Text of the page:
Scheduling Our Quarantine Days Like We’re Superhuman Is Counterproductive
There are certain areas of our life that make us especially susceptible to productivity hacks: birthdays, the beginning of a new year, a new home, a new job, and sometimes, quarantines. Being stuck alone at home with nothing to do for long periods of time is perhaps when we’re most likely to search for ways to structure our lives and prevent our descent into delirium.
It may seem like forcing ourselves to adhere to a schedule, while also trying to survive a pandemic, could affect our mental health negatively. However, mental health professionals still recommend routines in order to make sure that we don’t sink into delirium, depression or anxious catastrophizing. The question remains — will a schedule help keep us sane through the quarantine?
A daily routine does have mental health benefits. Doing things multiple times, or observing a thing multiple times lends a certain coherence and meaning to life. Basic routines like sleeping and waking up on time tend to stave off irritability, and circadian disorders and are also helpful for those struggling with grieving, as we all are globally due to our sudden, unfortunate circumstances. In Mason Currey’s Daily Rituals: How Artists Work, he wrote that a solid routine “fosters a well-worn groove for one’s mental energies and helps stave off the tyranny of moods.”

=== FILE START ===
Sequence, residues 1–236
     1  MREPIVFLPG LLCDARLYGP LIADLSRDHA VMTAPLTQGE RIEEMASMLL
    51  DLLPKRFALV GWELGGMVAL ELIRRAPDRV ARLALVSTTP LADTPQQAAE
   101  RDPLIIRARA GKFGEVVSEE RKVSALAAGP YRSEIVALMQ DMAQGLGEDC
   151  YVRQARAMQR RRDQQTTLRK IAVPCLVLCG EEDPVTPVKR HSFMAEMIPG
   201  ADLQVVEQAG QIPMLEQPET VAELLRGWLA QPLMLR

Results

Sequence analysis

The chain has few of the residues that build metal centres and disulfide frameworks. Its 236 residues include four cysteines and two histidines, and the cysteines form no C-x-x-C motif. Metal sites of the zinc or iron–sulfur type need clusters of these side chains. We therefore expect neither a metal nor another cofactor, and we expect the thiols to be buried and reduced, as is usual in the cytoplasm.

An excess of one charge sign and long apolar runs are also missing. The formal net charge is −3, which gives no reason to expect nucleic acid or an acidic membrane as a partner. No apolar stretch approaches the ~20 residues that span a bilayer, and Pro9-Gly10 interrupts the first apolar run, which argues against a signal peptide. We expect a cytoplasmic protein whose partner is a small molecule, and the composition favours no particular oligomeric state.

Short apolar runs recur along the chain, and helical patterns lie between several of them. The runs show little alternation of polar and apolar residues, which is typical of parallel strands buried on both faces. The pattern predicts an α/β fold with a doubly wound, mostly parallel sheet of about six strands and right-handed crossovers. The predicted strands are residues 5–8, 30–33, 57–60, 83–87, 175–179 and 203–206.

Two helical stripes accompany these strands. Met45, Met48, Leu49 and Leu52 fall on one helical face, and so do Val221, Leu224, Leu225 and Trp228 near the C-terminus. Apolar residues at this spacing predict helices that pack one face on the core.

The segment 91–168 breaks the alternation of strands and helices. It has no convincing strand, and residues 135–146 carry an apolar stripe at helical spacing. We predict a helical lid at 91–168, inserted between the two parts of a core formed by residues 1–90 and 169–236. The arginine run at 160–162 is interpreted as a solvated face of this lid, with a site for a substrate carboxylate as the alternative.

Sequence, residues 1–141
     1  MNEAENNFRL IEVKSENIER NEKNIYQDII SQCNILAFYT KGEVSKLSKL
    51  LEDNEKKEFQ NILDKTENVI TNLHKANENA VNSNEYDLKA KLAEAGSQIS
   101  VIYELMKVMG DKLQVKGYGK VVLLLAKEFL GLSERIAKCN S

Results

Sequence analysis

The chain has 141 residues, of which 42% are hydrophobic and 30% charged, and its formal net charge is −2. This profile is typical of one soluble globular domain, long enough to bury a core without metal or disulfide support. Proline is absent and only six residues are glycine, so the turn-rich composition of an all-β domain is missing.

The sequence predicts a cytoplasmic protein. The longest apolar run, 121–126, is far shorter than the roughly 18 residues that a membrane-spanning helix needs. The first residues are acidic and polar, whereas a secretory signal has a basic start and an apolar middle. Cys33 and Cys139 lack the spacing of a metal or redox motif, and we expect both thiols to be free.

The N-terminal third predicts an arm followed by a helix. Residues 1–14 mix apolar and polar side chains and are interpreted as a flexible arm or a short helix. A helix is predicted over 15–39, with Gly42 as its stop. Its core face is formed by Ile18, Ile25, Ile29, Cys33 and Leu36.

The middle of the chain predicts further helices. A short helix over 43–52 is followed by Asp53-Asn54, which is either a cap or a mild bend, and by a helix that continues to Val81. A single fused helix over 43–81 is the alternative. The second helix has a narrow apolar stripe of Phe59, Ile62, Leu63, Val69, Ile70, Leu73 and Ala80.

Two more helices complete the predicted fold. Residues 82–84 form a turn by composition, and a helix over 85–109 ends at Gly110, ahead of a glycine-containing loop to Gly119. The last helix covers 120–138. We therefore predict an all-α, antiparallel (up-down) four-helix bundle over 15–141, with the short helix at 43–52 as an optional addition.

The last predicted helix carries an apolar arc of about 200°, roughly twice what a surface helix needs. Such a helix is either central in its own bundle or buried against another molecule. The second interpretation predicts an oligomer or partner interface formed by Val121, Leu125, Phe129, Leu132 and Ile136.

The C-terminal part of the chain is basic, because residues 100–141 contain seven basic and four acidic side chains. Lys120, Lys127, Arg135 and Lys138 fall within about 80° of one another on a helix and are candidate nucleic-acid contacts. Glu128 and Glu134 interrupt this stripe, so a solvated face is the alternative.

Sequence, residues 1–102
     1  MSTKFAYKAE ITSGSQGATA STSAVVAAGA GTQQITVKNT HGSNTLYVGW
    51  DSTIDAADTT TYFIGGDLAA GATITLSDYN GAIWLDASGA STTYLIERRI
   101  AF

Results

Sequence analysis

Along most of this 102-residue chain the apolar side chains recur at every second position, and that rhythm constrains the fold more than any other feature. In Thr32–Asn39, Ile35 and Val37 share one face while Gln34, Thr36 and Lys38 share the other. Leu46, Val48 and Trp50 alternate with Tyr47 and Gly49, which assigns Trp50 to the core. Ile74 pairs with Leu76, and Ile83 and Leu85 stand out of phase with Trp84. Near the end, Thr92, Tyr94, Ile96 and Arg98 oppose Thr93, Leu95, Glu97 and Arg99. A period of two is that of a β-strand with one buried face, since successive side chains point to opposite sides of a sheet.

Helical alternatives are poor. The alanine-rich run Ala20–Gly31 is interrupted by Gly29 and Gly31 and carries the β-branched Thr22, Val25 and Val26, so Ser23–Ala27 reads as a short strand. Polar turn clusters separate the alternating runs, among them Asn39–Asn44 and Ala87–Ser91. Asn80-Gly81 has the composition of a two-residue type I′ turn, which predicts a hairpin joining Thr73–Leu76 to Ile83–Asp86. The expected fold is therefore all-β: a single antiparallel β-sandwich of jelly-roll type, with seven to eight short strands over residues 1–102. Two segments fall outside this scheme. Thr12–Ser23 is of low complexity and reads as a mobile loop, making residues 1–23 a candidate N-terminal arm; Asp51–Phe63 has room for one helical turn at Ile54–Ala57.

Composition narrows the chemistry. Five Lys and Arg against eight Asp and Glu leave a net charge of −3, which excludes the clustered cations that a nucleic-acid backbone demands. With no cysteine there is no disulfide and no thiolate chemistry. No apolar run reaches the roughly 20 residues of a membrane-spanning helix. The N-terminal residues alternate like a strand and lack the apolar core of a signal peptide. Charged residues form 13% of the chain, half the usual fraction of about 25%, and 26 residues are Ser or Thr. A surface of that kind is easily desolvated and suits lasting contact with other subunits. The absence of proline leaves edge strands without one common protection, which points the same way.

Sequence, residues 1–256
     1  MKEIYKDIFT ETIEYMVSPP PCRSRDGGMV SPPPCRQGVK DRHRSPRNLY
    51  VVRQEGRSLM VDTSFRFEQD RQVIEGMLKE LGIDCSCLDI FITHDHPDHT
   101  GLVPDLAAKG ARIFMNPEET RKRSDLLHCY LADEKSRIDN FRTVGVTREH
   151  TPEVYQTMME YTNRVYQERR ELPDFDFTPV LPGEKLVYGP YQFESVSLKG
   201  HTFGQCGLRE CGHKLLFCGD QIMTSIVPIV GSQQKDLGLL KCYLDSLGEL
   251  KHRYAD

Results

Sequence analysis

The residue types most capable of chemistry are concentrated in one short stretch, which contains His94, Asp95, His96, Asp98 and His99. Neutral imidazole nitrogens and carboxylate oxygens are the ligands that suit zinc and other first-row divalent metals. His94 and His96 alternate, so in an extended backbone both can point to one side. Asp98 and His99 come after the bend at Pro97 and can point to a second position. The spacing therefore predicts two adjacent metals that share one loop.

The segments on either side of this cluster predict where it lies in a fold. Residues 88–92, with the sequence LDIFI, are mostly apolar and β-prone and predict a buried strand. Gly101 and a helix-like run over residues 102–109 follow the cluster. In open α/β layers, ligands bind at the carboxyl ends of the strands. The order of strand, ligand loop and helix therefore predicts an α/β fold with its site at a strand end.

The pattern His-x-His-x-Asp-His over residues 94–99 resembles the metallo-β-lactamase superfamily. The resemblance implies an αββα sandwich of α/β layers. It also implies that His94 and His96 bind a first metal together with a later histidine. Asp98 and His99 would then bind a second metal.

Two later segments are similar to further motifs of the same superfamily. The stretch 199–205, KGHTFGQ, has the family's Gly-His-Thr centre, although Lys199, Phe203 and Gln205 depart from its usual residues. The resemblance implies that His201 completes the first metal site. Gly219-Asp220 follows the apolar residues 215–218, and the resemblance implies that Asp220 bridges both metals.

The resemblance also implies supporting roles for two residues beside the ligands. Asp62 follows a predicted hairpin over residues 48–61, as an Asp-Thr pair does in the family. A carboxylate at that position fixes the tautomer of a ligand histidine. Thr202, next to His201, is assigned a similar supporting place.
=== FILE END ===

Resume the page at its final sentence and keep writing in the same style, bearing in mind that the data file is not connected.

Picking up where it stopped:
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However, routines become a problem when our own perception of what we can accomplish in a certain amount of hours is flawed. According to Selin Malkoc, a researcher who investigated the link between scheduling and productivity, we’re likely to stuff our days with too much not accomplish enough and then further risk hurting our mood. Plus, our brains have a tendency to focus on upcoming events scheduled for later, rendering us less likely to focus on activities we should be accomplishing now, which can, in turn, make us feel unproductive and ruin our moods.
Scheduling for the long-term also has its disadvantages. One might feel enthusiastic about a particular activity while scheduling it for the weekend, and then slowly grow to regret doing so — even if it is a fun activity. This is because the act of scheduling makes any activity feel like work, and the more closer said scheduled activity gets, the more it seems like the looming threat of work. Researchers explain that scheduling’s strict time constraints contradict how time flies while one is having fun, and decrease our interest in them.
The conclusion, here, is that our mental healthcare providers are correct to say a schedule helps. However, implementing a routine or schedule in a way that burns us out twice over is counterproductive. A schedule is not a set of rigid rules that we must stick to, but a helpful self-made outline of a routine that helps us take care of our days — whether it be something simple as sleeping and bathing, or something more complex like a work schedule. A schedule may even act as self-care — not the aggressively marketed sort — but as a guide that allows our brains the kindness and space to be human while locked up in our homes for long, laborious days.
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